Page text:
A few days before Lucey was to leave for the Peace Corps, we did what best friends do: we got drunk, slept snuggled side-by-side, and went shopping the next day. Hungover and feeling rather delicate, we hit up the hot spots, starting at Starbucks, then to EMS, and finishing it off at Walmart. Starbucks for obvious reasons—although, being the self-proclaimed coffee snobs that we are, it was a last resort. As for Walmart and EMS, we weren't doing your usual Sunday morning post-brunch boutique browsing; we were stocking up on last-minute life-saving items that we were certain would come in handy when she touched down in Senegal. EMS for the elements, Walmart for comfort. I felt a sense of duty as the best friend: like a hound, I'd sniff out the things she'd overlooked in her haze of anxiety, and find exactly what I knew would bring a smile to her face whenever she would sit, I imagined, beneath a mosquito net crying by candlelight because of how much she would miss me. And everyone else, of course.

It's been a year and a half since I helped stuff her bags with an arsenal of hair ties, Hello Kitty Band-Aids, protein bars, and hand sanitizer. I don't know if any of this has come in handy, but if nothing else, I felt better knowing she had all her bases covered. What's worse than hair hanging in your eyes as you lather your hands in antibacterial sanitizer to try to save your leg with Band-Aids from a gash you got when you collapsed because you're so incredibly protein-deficient?

Damn, I'm a good friend.

There have been a number of pleasant surprises over the months, the biggest being how connected she's managed to stay. We've Skyped a handful of times from her volunteer base; I've heard monkeys shouting at each other, waved to her fellow volunteers, and envied her pixelated tan. Her stories are outrageous, as to be expected—Lucey on a normal day is a treasure trove of hilarity, so put her in Africa with a lot of free time and a cast of oddball characters, and what results is nothing short of a bestselling novel.

You'd be naïve to think, as I did, that two years in the Peace Corps would yield only research and a gut full of parasites. My opinions are based solely on what Lucey's told me—and not told me. You don't always need to verbalize things when your every cell is tethered to one another's. I've gathered that the volunteer life is intoxicating in the best and worst ways, illuminating the rawest aspects of life—death, heartache, trust, and lust. It's learning to communicate your most basic needs with a clumsy tongue, finding your place in your adoptive family that has more jealous wives and sisters than you can handle, and coaxing a vegetable garden to life in a region that doesn't feel the touch of rain for months at a time.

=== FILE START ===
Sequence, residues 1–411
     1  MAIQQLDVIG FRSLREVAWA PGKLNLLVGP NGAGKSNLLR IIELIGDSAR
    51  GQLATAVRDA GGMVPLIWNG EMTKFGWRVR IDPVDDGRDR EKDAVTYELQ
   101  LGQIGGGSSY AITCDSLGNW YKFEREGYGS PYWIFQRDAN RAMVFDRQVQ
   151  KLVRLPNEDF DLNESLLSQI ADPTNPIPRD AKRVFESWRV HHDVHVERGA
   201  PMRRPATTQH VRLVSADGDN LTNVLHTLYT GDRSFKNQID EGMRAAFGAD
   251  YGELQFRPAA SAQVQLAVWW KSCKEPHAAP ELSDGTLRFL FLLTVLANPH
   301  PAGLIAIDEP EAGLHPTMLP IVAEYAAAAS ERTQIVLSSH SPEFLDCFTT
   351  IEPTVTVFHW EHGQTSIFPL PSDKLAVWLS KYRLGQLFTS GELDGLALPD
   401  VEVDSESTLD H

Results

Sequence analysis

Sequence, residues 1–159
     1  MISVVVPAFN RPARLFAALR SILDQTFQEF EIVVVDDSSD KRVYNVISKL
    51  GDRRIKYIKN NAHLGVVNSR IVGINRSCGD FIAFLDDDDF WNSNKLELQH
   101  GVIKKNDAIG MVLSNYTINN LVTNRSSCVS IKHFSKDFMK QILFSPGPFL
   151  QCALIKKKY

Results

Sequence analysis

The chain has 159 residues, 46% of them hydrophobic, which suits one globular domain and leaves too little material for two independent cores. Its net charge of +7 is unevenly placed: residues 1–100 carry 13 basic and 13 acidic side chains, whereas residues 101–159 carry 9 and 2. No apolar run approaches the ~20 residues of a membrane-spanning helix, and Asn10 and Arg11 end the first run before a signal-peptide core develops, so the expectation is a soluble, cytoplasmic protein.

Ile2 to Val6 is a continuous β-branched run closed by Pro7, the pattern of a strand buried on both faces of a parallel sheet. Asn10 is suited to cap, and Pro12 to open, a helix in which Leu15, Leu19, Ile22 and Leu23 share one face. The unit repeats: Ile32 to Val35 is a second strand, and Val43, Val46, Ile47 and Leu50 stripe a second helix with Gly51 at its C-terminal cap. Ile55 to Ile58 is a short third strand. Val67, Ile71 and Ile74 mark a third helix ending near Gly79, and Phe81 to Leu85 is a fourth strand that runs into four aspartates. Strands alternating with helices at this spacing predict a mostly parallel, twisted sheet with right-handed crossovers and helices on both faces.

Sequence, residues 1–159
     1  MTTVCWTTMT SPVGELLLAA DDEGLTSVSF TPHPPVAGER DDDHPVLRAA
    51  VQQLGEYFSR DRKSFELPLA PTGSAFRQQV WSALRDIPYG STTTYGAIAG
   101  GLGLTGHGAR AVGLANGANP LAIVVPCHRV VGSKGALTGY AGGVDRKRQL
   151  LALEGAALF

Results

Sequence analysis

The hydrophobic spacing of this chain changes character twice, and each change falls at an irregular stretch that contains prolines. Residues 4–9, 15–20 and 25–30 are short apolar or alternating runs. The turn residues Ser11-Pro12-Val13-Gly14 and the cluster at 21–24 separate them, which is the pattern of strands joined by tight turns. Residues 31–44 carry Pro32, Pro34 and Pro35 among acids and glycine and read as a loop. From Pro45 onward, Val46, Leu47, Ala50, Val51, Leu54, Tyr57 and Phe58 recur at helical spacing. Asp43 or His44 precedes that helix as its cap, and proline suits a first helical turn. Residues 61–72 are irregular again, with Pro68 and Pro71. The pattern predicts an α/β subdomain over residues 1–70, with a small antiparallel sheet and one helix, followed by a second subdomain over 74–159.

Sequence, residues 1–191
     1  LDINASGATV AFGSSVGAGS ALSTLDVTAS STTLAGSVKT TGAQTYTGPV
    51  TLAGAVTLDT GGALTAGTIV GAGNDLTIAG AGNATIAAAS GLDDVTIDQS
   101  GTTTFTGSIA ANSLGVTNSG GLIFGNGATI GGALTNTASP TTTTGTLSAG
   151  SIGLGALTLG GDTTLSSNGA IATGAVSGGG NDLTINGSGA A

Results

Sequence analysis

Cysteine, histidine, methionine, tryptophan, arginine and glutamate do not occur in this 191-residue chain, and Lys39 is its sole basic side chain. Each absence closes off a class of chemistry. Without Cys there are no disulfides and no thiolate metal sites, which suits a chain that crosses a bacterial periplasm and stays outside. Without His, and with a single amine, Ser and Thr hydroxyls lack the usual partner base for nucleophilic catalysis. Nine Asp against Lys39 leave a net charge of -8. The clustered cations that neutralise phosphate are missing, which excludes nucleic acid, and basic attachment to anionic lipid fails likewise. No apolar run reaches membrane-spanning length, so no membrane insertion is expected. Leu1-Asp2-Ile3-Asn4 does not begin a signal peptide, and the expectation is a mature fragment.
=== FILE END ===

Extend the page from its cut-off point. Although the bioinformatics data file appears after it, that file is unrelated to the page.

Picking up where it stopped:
I feared for Lucey during her first dry season, really and truly feared for her. How can it not rain for six months?? I'd only recently finished up an internship with an organization that works to combat this very issue, water scarcity in developing nations, and although I'd recite staggering statistics to anyone who would listen, there was still that disconnect, that veil between myself and the reality of life in some of the world's driest landscapes. The numbers I'd regurgitate were still just numbers, symbols arranged on a screen or paper or painted on the walls of the office; the videos I'd watch of thirst-quenched livestock and sickly children disappeared as soon as I'd shut my computer; and the presentations I'd make to convey the urgency of the world's water crisis were meaningless without the right font and buzzwords. It was still just someone else's crisis.

I knew of course that Lucey would be alright; she'd cope the same way her community's been coping since man first stood tall. But I guess what made my skin crawl with panic is that this isn't the world of our ancestors: we've beaten the crap out of our planet, pulverized it beyond repair and left it twitching in the dust. The systems that once kept beautiful, pristine waters pumping through its veins are FREAKING OUT. They aren't going backwards, they aren't coming early or late, too much too heavy too little too weak.

They've gone haywire.

We can rightside up the upside down. We can spin clockwise to counterclockwise and back. We can even push time around like a bully, forwards and backwards twice a year to suit our modern needs. But the systems that govern our very way of life, down to the water that swims in our cells, have stood up, cleared their throats, and proceeded to have a complete and utter Break. Down.